• Finished

Streaming and recording course for people engaged in art projects (face-to-face course (3 sessions in total))

  • Art Project ,
  • Lecture / Symposium ,
  • Others

Classroom lectures and basic practices for learning entry-level streaming and recording skills, and thinking about the digital age going forward

Since the pandemic, it has become normal for art projects to make the shift to online implementation, or to be held as a hybrid (online and in-person) event.
But while there is plenty of discussion assuming an all-digital approach from the project planning stage onwards, there is also worry about hurriedly-acquired skills, about equipment and staff, outsourcing budget limits, or the balance with in-person project components.
There are also probably plenty of people who, though they sense the potential of the online medium, shilly-shally somewhat in their attitude to streaming and recording.
In this three-part course, participants will learn and practice entry-level understanding and techniques for streaming and recording, such as approaches to microphones and cameras, and think about planning and production based on the possibilities and limitations of the online approach.

*This program will be conducted in Japanese

Course details

1. Classroom lecture: The microphone and camera operating methods required for recording and streaming
– Points to consider when planning streams or recording, an outline of order priorities, examples of common problems
– Basic usage based on the characteristics of the camera and microphone
-How to choose equipment and streaming tools, equipment wiring, division of roles
Schedule: Sunday, August 21,2022 13:00 – 16:00

2. Practice: Assembling equipment according to streaming content
– Based on typical cases, we assemble equipment and conduct a test stream using check sheets and flowcharts
– We explain the concepts of streaming and recording, the difference in equipment, and the characteristics of each streaming system, and create an equipment wiring diagram
Schedule: Sunday, August 28, 2022 13:00 – 16:00

3. Actual implementation: taking on the challenge of an actual stream and recording/thinking about the digital age
– Guest Takashi Iwasawa, the creator of Studio302, will hold a roundtable discussion on recording and streaming, and participants will make an actual recording of the session
– The recording will be edited by the instructor, and we plan to release it on Tokyo Art Research Lab’s official YouTube channel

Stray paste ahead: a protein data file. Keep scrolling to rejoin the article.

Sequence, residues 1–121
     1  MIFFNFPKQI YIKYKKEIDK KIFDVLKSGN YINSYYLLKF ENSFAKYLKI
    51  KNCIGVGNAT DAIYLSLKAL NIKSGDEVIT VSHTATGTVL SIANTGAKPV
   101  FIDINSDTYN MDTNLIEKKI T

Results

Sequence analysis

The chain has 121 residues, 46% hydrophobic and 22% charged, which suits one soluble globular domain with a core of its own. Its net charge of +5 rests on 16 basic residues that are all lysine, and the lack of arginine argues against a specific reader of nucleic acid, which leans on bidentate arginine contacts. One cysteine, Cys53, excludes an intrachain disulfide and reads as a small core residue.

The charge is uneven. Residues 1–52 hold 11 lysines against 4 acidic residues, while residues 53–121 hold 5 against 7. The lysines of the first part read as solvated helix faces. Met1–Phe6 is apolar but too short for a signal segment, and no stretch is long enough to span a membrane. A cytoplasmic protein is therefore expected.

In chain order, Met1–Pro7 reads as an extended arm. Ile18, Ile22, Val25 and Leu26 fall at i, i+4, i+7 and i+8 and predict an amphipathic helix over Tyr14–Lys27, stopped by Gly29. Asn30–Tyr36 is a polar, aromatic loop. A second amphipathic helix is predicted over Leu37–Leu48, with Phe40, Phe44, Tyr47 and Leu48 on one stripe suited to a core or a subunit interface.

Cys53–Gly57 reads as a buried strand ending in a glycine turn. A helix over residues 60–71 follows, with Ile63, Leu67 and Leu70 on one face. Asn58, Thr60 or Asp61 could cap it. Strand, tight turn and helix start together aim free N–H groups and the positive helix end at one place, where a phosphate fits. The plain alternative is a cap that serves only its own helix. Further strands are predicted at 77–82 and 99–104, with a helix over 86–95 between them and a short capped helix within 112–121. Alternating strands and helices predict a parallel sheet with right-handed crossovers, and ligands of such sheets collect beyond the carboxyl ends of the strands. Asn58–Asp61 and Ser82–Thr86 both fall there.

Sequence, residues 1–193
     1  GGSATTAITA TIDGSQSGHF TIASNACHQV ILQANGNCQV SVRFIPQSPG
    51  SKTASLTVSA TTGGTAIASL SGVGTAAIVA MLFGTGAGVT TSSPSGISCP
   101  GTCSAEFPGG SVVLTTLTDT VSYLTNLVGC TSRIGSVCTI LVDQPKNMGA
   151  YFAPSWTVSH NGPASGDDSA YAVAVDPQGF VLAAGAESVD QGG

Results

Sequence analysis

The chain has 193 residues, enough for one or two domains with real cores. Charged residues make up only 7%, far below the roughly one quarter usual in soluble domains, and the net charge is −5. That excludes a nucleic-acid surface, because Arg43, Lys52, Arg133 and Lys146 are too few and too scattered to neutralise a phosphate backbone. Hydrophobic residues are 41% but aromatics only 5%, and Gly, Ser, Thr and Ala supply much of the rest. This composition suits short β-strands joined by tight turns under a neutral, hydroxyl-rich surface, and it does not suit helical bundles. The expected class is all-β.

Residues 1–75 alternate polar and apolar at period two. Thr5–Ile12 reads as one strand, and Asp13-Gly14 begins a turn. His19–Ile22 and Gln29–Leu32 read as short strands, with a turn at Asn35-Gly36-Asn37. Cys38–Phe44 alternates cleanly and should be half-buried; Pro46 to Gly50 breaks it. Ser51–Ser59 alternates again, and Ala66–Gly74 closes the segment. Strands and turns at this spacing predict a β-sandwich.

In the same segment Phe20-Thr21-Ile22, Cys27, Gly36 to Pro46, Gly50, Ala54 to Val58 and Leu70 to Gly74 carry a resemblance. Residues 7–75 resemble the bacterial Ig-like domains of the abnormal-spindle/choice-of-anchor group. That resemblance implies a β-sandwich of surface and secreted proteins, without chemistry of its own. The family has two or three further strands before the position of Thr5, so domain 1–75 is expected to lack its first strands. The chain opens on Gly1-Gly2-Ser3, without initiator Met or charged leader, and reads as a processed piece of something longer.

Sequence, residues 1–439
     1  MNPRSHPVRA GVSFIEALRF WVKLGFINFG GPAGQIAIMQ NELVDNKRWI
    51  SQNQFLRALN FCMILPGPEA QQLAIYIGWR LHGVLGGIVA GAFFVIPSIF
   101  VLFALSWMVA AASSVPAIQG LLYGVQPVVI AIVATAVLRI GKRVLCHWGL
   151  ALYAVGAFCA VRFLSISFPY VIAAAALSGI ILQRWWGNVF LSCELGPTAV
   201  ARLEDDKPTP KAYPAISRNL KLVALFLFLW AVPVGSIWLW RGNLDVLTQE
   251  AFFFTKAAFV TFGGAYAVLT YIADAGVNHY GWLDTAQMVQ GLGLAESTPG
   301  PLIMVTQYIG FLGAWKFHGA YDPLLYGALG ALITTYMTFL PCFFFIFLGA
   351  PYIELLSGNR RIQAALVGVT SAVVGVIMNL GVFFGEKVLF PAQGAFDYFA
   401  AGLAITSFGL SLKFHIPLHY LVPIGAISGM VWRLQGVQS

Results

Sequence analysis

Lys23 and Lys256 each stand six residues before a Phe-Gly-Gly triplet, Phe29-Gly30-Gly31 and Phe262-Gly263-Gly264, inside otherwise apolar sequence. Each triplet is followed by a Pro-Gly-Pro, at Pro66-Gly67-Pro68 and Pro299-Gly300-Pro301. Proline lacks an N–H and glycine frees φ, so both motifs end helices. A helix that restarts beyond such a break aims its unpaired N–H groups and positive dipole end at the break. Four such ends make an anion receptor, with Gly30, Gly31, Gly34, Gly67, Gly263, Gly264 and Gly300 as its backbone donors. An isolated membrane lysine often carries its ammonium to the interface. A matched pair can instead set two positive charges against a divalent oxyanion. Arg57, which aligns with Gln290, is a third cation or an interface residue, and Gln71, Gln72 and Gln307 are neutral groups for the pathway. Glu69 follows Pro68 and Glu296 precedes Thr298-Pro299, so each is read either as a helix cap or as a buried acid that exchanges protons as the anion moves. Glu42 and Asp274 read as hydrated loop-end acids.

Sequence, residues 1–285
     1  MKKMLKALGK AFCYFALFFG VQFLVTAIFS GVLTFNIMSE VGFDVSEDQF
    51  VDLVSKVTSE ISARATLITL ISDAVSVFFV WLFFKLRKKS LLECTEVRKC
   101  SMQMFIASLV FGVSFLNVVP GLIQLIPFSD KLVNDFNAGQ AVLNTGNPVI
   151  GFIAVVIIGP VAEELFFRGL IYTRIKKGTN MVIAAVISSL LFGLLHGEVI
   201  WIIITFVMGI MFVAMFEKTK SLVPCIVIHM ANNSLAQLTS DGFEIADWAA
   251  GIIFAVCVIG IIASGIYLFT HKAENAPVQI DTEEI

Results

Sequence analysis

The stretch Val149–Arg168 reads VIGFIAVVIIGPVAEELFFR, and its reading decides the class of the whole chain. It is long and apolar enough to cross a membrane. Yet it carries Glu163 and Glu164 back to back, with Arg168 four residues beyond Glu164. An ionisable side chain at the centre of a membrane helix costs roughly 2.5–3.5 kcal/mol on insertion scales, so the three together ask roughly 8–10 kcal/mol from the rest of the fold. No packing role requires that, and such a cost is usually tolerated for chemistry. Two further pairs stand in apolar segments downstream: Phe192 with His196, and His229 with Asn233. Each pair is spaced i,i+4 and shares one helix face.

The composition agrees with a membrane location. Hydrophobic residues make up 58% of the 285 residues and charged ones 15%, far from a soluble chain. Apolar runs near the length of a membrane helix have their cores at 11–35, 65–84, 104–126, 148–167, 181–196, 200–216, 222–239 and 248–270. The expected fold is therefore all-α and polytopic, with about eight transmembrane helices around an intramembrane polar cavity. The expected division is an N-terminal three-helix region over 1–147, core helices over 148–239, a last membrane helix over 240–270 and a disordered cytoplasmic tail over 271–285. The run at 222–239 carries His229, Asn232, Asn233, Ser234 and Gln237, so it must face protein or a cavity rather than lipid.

Schedule: Sunday, September 4, 2022 13:00 – 16:00

Participation fee

Adults 6,000 yen, students 4,500 yen (3 sessions in total)


Around 10 persons (first-come-first-served basis)


– People who want to learn about streaming and recording from the basics, in order to use this knowledge in the running of art projects and cultural programs, as well as for project presentations
– People who may be put in charge or who are slated to be put in charge of on-site online and digital matters for art projects and cultural programs, and who are worried about basic knowledge and skills.

How to apply

The number of application reached the capacity and the registration is now closed.

Please apply using the special form below.

Application deadline
Friday, August 12 2022, 17:00
(Payment deadline is 15:00 on Friday, August 19)

Points to note
*Schedule and details subject to change.
*After payments have been made, we are unable to give refunds for cancellations.
*Your personal information will be used only to send you information from the organizer about this event.
*Organizers will take measures to prevent the spread of coronavirus infection.
*Records in the form of photographs and video taken during the program will be used for program operation and PR.


Akihide Saito (Photographer)

Recording: Moena Murata


TARL office
Project Coordination Division,
Arts Council Tokyo, Tokyo Metropolitan Foundation for History and Culture
TEL: 03-6256-8435(Weekday 10:00-18:00)


3331 Arts Chiyoda 3F ROOM302 (6-11-14 Sotokanda,Chiyoda-ku, Tokyo)


Organized by
Arts Council Tokyo (Tokyo Metropolitan Foundation for History and Culture)